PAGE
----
Written by Daniel Huddart, TMP Senior Tutor
Although you might not be able to see Doctors in action currently, look at ways around this using technology. Message the contact for your work experience placement to enquire if you can have a short phone call or skype chat with a Doctor.
This would give you the chance to ask questions about the role of a Doctor and working in healthcare. Your main barrier to this will be that many doctors are busy and so may struggle to make the time for a chat.
So what can you do if this fails? Try contacting a Medical Student. Many Medical Students currently find themselves in a similar position to you, working from home with a lot of time to spare.
It’s useful to not only understand day to day life as a Doctor but also as a medical student. You’ll be spending several years at medical school – chatting to current students can give you an idea of what this involves.
You might have a friend of a friend who’s currently at Medical School who you can contact. If not, then try platforms like The Student Room or LinkedIn, you’ll find both Doctors and students are keen to offer advice and support.
Medical schools want you to keep up to date with what is going on in the healthcare world, and commonly asked questions on this at interviews. We always recommend students start as early as possible with this, now is a perfect time to start.
You may already find yourself glued to the news for updates regarding the coronavirus outbreak – it is difficult to find and news that isn’t on this topic.
COVID-19 and Public Health are likely to be a common topic at interviews, so it is worth keeping up to date with key developments in the outbreak.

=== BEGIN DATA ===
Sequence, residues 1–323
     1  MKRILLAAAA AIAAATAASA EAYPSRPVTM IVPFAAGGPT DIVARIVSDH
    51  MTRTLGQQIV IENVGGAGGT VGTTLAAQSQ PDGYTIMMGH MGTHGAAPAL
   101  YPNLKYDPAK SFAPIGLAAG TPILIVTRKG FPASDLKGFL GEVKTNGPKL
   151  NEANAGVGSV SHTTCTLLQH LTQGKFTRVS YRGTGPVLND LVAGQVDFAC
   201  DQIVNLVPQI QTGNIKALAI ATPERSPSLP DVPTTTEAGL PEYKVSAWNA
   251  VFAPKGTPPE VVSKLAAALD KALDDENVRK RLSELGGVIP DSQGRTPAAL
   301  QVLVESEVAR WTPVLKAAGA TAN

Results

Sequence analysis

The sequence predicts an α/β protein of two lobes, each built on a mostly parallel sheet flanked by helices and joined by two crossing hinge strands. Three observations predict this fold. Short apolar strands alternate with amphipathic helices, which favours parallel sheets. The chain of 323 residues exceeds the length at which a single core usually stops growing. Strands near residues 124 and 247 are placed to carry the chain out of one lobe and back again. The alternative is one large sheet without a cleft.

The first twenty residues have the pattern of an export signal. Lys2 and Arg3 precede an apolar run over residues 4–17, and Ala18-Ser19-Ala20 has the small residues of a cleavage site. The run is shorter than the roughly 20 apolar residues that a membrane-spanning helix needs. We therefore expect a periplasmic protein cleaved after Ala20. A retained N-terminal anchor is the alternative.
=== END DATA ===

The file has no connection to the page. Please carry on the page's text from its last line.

Still, make sure to get a balance – constantly reading about COVID-19 can have a negative impact on your mental health.
COVID-19 isn’t the only thing to read about. Here are some other NHS Hot Topics to read up on.
News updates are not the only place you can gain a better understanding of healthcare. Many students will read healthcare book before they apply.
This allows you to gain insights from healthcare professionals without stepping into a hospital, and you can often learn about a particular aspect of medicine in much more depth.
It is up to you what you read, but we would recommend choosing something you have a genuine interest in. If you want a few ideas, here’s are 5 books to read for aspiring medics.
Obviously, it is difficult to predict when COVID-19 restrictions will end, but once this is the case, try dropping your work experience contact a message to look at rearranging your placement.
Remember: something is better than nothing. If you can’t secure work experience in time to write about it in your Personal Statement, you may be able to get something arranged before interview season.
Remember that your academics are still your priority during this time! Although it is useful to try a few of the activities listed above, do make sure you can still maintain this alongside your studies.
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